Baby Boomers launch political party to save their super benefits
Self-funded retirees angry about proposed changes to superannuation and tax will have their own political party to vote for at this year’s federal election.
The SMSF Party has been formed by tax consultant and super specialist Grant Abbott, who claims groundswell support from his Baby-Boomer constituency had been “overwhelming”.
Mr Abbott, who has registered the SMSF Party with the Australian Electoral Office, claims more than 1600 have joined the party since he canvassed the idea among colleagues last week.
Don Hamson says the least wealthy self-funded retirees will bear the most pain of Labor’s proposal. Photo: James Brickwood
“I never believed that what started as a thought bubble would develop so much momentum so quickly,” said Mr Abbott, 62, a father of two daughters aged 16 and 21.
He plans to formally launch the party in Perth later this month and then start campaigning in mainland capitals to build awareness and support.
Mr Abbott said he already had a list of candidates seeking preselection for Senate spots on a platform of protecting existing benefits of self-managed super scheme members and self-funded retirees.
The SMSF Party’s target voters will be among the nation’s estimated 1.1 million SMSF members and 2 million self-funded retirees and small business owners. They are typically aged over 55, with professional or small business backgrounds.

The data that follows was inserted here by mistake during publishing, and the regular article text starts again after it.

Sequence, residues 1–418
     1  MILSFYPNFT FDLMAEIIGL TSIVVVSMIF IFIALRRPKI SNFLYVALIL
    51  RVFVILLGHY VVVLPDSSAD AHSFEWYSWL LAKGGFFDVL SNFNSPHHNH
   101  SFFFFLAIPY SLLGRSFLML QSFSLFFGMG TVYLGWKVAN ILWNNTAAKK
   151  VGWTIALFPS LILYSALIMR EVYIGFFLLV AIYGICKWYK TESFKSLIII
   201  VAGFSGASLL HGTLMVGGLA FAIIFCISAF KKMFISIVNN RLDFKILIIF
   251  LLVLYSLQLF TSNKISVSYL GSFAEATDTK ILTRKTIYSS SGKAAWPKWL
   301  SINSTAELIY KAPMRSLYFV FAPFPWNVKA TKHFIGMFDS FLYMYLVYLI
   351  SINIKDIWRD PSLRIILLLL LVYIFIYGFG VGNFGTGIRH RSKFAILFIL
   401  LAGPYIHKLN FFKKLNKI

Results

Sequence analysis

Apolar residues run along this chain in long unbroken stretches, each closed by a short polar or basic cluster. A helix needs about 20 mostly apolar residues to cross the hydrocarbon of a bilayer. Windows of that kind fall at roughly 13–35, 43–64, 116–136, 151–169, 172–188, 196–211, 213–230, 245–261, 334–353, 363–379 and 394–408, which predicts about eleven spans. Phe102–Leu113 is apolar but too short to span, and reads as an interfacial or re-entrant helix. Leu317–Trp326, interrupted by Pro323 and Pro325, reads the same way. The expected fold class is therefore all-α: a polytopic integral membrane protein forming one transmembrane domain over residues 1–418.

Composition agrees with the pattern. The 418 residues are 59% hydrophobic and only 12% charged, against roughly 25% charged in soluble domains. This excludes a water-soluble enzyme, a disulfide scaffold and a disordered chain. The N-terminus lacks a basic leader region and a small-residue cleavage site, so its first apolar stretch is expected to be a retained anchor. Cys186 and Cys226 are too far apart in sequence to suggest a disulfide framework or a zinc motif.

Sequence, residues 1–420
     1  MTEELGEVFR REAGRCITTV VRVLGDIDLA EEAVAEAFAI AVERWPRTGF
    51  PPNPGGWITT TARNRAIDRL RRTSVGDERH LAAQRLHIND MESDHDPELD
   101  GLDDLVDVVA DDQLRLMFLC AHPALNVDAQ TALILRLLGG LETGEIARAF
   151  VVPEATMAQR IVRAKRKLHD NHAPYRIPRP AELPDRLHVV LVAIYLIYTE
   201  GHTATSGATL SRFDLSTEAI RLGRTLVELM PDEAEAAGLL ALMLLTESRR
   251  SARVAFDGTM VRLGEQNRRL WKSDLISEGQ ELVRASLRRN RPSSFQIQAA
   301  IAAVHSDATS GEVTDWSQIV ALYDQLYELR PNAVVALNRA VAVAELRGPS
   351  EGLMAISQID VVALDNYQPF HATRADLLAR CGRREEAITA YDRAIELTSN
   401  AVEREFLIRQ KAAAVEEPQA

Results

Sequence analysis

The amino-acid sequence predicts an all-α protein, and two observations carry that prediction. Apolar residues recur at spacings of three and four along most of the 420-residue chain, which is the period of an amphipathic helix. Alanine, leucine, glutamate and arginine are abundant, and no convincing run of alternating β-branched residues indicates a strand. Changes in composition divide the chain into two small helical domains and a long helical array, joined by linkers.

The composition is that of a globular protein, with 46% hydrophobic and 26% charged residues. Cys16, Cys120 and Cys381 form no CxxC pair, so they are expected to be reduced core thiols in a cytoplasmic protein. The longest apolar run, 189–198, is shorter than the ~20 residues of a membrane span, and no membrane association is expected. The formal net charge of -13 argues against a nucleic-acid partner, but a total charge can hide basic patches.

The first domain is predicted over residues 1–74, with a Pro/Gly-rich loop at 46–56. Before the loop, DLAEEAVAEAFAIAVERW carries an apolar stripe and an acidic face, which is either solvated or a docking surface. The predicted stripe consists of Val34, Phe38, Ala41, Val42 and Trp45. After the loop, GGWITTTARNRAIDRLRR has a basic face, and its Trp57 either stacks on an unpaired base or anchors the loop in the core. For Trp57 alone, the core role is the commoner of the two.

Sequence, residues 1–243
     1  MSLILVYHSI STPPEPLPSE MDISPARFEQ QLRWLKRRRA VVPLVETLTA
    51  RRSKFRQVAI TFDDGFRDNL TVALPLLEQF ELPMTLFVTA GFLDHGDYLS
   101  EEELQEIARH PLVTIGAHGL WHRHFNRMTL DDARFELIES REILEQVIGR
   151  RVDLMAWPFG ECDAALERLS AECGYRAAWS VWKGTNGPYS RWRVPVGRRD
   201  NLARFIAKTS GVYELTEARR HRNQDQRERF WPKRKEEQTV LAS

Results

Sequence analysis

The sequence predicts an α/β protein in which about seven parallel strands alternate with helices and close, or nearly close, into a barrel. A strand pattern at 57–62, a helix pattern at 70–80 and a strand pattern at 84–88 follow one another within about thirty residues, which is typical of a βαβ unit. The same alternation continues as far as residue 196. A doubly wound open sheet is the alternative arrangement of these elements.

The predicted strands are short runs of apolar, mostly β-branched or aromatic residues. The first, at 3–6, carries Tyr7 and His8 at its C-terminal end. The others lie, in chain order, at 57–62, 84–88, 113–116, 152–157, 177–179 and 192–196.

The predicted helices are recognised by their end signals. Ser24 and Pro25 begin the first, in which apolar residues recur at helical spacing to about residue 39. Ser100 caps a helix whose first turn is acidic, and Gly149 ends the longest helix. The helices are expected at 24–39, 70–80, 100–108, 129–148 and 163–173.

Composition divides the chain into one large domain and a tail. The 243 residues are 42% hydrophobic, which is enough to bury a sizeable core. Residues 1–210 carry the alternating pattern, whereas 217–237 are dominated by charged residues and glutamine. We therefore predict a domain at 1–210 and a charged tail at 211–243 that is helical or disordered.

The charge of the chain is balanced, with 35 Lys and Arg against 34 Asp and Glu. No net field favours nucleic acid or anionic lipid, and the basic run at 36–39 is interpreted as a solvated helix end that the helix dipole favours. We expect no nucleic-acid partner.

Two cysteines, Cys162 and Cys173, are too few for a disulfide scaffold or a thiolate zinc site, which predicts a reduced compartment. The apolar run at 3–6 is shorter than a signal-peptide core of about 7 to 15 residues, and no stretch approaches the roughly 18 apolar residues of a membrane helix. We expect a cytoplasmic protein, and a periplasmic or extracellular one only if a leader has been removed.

“This party is neither left, nor right wing. It will be seeking support from people disenchanted with the major parties and looking for an alternative,” he said.
Labor’s proposal will abolish cash refunds for excess franking credits, sparking an angry response from self-funded retirees who claim it will rob them of super savings accumulated during their working lives.
Some are being encouraged to splurge up to $400,000 of their super savings on luxuries, holidays and home renovations to avoid the impact of the proposed franking policy on their income.
Advisers claim self-funded retirees owning shares in their own name are already spending to hit the $848,000 asset test maximum for home-owner couples – or $564,000 for individuals – that will enable them to receive a part-government pension and full franking credit refunds.
Don Hamson, managing director of Plato Investment Management, which has about $4.6 billion under management mostly in Australian equities, told a parliamentary committee on Friday that many self-funded retirees were “very concerned”.
“We believe this proposal is regressive, discriminates between superannuation funds based on member age and is unlikely to generate the forecast level of net savings,” Mr Hamson told the committee.
“The wealthy to super wealthy will seek advice to preserve franking value, many battlers will likely spend to keep most of their’s, but the ones in the middle will in many cases have to grin and bear it.”
Shadow treasurer Chris Bowen said retirees unhappy with Labor’s plan to scrap cash payments for excess franking credits were free to take their vote elsewhere because the opposition would not be backing down.
Mr Bowen said the system in which people who pay no or little tax but receive a tax refund was neither fair nor sustainable.
By Duncan Hughes
This article was originally posted on the Australian Financial Review.